The Olympics isn’t like other major men’s football tournaments, with a clear age restriction placed on squads.
Managers are allowed to select a maximum of 22 players, only three of whom can have been born before 1 January 1997.
Participation in the tournament is usually restricted to under-23s, with the exception of the three overage slots, which there is no obligation to use.
They were introduced ahead of the 1996 Olympics in Atlanta, where Nigeria beat Argentina 3-2 in an entertaining final, and have been in place ever since.
But because the Tokyo games were delayed by a year due to the coronavirus pandemic, it was decided that the original cut-off date would still apply, making some 24-year-olds eligible.
The effect of the pandemic, in terms of creating a condensed football calendar in many countries around the world, has also led to some big names missing out.
Workloads are having to be managed more carefully at the end of a uniquely demanding season, especially for players who then took part in the Copa America or European Championship.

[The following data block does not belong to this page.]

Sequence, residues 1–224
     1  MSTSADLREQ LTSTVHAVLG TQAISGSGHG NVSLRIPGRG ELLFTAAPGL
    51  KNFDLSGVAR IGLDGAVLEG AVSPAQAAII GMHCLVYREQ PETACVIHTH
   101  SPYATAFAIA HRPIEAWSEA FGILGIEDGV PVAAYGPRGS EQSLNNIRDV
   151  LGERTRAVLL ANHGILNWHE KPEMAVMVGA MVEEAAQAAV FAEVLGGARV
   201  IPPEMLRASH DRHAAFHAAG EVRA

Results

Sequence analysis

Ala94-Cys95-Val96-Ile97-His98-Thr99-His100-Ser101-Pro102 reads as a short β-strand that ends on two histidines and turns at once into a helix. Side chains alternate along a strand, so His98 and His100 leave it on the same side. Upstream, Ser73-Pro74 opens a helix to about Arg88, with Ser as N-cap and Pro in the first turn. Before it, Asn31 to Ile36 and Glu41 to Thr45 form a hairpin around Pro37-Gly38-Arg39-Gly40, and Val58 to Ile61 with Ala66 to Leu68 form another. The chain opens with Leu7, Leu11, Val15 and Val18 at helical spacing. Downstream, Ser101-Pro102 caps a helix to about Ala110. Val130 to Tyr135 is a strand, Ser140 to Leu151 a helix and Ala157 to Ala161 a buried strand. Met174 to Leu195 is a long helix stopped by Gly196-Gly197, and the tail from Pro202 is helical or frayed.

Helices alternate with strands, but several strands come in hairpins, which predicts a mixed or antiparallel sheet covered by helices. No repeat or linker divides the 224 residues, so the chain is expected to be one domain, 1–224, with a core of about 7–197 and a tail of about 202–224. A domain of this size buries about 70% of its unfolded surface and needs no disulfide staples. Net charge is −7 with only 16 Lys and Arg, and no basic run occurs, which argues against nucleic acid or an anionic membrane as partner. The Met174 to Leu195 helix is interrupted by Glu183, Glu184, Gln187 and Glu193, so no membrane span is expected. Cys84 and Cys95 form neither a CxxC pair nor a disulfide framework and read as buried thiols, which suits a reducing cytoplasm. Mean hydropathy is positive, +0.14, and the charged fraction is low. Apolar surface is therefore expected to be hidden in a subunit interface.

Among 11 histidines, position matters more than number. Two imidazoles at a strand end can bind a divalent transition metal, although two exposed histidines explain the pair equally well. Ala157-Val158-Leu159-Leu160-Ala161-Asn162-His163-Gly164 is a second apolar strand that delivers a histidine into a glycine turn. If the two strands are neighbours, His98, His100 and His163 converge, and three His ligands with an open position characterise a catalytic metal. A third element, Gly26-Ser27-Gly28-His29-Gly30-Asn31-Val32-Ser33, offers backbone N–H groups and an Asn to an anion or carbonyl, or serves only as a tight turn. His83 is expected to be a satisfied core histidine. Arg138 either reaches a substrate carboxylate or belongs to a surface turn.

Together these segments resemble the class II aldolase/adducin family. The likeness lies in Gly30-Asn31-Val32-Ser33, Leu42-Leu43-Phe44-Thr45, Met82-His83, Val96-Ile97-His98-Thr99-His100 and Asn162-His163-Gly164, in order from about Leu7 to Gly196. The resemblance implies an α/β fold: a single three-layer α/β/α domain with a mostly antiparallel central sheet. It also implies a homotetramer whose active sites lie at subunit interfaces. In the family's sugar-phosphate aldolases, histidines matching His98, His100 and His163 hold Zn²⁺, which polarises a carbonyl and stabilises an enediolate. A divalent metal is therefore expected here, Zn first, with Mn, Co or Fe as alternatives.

For example, Brazil manager Andre Jardine was keen to include Neymar and Marquinhos in his squad for the Olympics, but Paris Saint-Germain were unwilling to release them.
That was also the case with Egyptian star Mohamed Salah, who was keen to represent his country this summer, having previously taken part in 2012.
Because the Olympics doesn’t feature on the FIFA calendar, clubs are in control and can choose not to release their players.
Liverpool manager Jurgen Klopp didn’t want to be without his most prolific goalscorer for almost the entirety of pre-season if Egypt progressed to the latter stages.
The fact that Salah will also be taking part in the African Cup of Nations, which starts in January, was another influence on the club's decision.
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